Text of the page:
5. The glorification of them is not a making them glorious under sufferings; much less by them the extraordinary gifts of the Spirit to enable them to work miracles. The word is never used in this sense: not in 2 Corinthians 3:8-11, where the Gospel ministration is said to be en doxh in glory; but not on the account of the extraordinary gifts and miracles of the Holy Ghost, but because it is the ministration of the spirit of righteousness, and of life, in opposition to the law, the ministration of condemnation and death; and because it remains when the law is done away; and is attended with evidence, clearness, and perspicuity, when the legal dispensation had a great deal of darkness and obscurity in it: nor John 17:29, where our Lord says, The glory which thou gavest me, I have given them; which is not to be understood of the miraculous gifts of the Spirit; since the words are spoken not of the apostles only, but of all them that should believe in Christ through their word, (v. 20), but rather of the glorious gospel of the blessed God, and the excellent truths and doctrines of it; (see v. 8): nor Acts 3:13, where it is said, that God hath glorified his Son Jesus Christ; which was done, not by bestowing the extraordinary gifts of the Spirit on him, nor merely the miracle then wrought, by the raising him from the dead (v. 15); the thing he prayed for under this expression (John 17:1), and firmly believed (John 13:31, 32). Moreover, God is never said to glorify his people in this way. It is true, indeed, miracles were wrought, that the Son of God might be glorified (John 11:5). And in this way the Father did honor the Son (John 8:54). And Christ was glorified of all on this account (Luke 4:15). And the Spirit of God now glorifies Christ by receiving of his, and showing them to his people (John 16:15). But God is never said to glorify them by these gifts. Indeed some of the members of Christís body are honored with gifts and graces more than others (1 Cor. 12:26). And should it be allowed, that extraordinary gifts are intended in this last-cited passage; yet this cannot be the meaning of the word here: since the apostle is speaking not of particular persons, but of all the saints in general, who were the sons and heirs of God, verse 17; had received the first-fruits of the Spirit, and were waiting for the adoption (v. 23); all who loved God, and were his called according to his purpose (v. 28); even all Godís elect (v. 33). Now all these are not glorified in this sense; besides, were this the meaning of the phrase, then none would he predestinated, called, and justified, but such as have the extraordinary gifts of the Spirit: and on the other hand, none would have the extraordinary gifts of the Spirit but such as are predestinated, called, and justified: whereas, it is certain, that many might have, and had in the apostlesí days, such gifts, and yet were destitute of the grace of God. It is much more agreeable to the context, and to the analogy of faith, to understand this phrase of eternal glory; since it is what the apostle speaks of in verse 17, 18, 21, 23, and is what Godís elect are predestinated and called unto; and what the righteousness of Christ, by which they are justified, gives them a right and title to; and which they shall certainly enjoy. The main objection to this sense of the phrase is, "That when the apostle speaks of our final justification (glorification it should be) in this chapter, he still speaks of it as a thing future; saying, We shall be glorified with him, (vv. 17, 18, 21). Whereas here he speaks of it as a thing past; saying, Whom he hath justified, them he hath also glorified." To which may be replied, Not to insist upon the change of tense, the past for the future, which is no unusual thing in scripture; this is strictly true of that part of the body of Godís elect, who are already in heaven, called the family in heaven, and the things in heaven; who through faith and patience have inherited the promises (Eph. 3:15; Col. 1:20; Heb. 6:12), and is in some sense true also of the other part on earth, who are called and justified; since they are made glorious both by the robe of Christís righteousness put upon them, and by the grace of Christ wrought in them; which makes them all glorious within, and is the beginning of eternal glory; for a saving knowledge of God in Christ is life eternal. Nor ought this sense of the phrase to be objected to by our opponents; seeing if such may be said to be glorified, who had the gifts of working miracles, much more may they be said to be so, who have the true grace of the Spirit, which is superior to all other gifts. Besides, Godís elect may be said to be glorified, because of the certainty of their glorification. It is a kingdom prepared for them from the foundation of the world; which Christ has gone afresh to prepare by his presence and mediation in our nature; which he is in the possession of on the behalf of his people, and which is ascertained to their faith and hope: hence they are said to be saved by hope, and by grace through faith (Rom. 8:24; Eph. 2:8.) Add to this, that they are in the same sense glorified in Christ, their representative head; in which they are said to be raised together, and made to sit together in heavenly places in him (Eph. 2:6).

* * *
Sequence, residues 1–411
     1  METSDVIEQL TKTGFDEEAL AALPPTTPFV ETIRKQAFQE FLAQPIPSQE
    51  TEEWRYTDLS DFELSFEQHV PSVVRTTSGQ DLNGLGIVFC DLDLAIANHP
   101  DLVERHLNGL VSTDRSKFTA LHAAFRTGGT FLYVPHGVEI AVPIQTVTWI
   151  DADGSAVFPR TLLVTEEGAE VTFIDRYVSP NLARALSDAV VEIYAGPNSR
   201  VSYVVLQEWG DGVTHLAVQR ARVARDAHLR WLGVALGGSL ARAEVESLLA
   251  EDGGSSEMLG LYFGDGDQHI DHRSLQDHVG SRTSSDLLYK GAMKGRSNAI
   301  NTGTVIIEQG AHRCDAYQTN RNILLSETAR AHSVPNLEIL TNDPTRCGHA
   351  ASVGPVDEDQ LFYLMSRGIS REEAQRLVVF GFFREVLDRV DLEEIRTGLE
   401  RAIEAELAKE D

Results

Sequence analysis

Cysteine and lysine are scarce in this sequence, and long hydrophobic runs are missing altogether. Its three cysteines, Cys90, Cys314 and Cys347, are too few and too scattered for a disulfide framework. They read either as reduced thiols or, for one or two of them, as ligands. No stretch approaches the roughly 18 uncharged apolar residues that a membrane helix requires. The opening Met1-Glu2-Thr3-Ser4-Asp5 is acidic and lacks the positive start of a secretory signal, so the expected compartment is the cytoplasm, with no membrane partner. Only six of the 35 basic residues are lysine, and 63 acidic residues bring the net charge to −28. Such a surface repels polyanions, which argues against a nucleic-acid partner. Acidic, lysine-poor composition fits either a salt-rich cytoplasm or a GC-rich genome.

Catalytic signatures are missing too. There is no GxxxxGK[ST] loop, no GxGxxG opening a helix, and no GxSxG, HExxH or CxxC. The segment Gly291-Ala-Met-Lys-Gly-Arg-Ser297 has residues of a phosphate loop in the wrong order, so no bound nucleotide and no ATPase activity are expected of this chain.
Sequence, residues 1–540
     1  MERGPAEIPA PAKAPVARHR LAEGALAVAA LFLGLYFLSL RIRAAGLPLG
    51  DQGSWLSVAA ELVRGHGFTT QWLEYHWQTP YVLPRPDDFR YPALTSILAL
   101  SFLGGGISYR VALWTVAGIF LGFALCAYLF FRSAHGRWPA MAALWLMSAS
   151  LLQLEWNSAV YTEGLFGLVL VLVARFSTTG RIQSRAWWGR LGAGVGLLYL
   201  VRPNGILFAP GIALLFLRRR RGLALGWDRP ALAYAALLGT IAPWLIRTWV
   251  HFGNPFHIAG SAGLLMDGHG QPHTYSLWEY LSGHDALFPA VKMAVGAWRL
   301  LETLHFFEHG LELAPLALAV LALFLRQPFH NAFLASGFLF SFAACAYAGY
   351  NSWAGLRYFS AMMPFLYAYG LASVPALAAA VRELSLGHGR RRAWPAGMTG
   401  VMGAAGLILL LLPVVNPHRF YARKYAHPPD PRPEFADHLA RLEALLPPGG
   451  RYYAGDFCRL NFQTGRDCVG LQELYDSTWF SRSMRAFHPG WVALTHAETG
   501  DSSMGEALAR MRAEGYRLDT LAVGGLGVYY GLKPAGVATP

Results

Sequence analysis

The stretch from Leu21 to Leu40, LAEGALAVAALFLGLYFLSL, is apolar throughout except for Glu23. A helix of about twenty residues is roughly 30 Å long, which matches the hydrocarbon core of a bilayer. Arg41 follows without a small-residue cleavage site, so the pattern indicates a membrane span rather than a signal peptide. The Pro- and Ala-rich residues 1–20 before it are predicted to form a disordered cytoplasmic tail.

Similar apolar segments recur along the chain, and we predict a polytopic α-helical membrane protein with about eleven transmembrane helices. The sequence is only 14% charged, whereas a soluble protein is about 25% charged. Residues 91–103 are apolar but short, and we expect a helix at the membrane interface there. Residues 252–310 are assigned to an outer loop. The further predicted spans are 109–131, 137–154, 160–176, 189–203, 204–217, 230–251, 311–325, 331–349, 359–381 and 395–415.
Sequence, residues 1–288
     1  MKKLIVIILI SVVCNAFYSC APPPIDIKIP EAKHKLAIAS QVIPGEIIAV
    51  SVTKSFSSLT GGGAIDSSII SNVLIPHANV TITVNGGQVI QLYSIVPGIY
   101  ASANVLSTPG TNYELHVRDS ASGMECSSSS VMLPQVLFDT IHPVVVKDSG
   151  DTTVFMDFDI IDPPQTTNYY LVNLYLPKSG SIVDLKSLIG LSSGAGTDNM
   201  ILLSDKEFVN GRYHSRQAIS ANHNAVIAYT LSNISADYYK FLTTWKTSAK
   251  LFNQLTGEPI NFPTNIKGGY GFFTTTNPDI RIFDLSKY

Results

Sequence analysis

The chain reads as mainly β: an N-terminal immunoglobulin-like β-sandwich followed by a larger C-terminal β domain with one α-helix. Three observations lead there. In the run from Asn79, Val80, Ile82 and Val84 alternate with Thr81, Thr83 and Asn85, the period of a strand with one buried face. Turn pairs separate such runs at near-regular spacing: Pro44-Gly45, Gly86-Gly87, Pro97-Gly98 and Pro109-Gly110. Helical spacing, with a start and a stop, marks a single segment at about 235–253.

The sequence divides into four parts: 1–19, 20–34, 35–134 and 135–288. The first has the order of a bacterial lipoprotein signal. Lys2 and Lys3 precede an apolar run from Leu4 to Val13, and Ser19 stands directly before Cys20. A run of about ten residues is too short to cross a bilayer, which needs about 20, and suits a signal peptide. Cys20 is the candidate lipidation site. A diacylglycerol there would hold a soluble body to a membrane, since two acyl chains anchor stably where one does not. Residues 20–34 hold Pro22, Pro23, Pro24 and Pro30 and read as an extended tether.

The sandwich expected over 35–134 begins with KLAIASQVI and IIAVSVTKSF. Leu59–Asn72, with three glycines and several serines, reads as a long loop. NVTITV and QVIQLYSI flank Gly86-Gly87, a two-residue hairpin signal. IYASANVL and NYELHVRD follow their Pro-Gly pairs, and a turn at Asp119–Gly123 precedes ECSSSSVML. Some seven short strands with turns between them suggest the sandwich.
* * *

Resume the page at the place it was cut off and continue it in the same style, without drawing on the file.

Remonstr. in Coll. Hag. art. 1:p. 93; Curcellaeus, p. 375; Limborch, p. 345, 346. Though Armiuius himself owns that these words are to be understood of eternal predestination to grace and glory. Disput. Privat. Thess. 40:p. 309, inter ejus opera, ed. 4.
 Whitby, p. 61, 63-65, 447; ed. 2. 60, 62-64, 435, 436.
 Whitby, p. 448.
 Whitby, p. 63; ed. 2.62.
 Ibid. p. 448; ed. 2.436.
 Ibid. p. 449; ed. 2.437.
 Whitby, p. 448; ed. 2.436.
 Ibid. p. 63; ed. 2.62.
 Ibid. p. 449; ed. 2.437.
 Whitby, p. 63; ed. 2.62.
 Ibid. p. 449; ed. 2.437.
 Whitby, p. 64; ed. 2. 63.